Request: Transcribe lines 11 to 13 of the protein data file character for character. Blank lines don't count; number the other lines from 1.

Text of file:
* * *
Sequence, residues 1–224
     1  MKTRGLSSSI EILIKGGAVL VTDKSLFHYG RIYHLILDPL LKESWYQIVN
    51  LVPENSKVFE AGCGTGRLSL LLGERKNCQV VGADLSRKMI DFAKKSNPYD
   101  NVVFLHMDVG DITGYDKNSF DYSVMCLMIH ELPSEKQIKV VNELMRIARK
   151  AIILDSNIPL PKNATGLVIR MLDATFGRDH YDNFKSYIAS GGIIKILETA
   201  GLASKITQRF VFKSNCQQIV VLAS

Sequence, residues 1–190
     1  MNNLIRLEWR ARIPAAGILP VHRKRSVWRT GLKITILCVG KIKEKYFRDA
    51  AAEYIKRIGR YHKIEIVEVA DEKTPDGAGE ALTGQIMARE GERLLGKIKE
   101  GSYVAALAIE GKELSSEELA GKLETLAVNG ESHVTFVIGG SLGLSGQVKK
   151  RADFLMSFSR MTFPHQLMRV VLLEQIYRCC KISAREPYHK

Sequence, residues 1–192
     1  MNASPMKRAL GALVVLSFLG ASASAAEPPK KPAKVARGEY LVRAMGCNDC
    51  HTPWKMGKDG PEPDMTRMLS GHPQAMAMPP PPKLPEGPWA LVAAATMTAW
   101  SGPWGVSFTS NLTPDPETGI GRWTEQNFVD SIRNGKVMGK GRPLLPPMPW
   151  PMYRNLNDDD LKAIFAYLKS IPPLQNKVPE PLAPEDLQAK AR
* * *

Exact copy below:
   151  RADFLMSFSR MTFPHQLMRV VLLEQIYRCC KISAREPYHK

Sequence, residues 1–192
     1  MNASPMKRAL GALVVLSFLG ASASAAEPPK KPAKVARGEY LVRAMGCNDC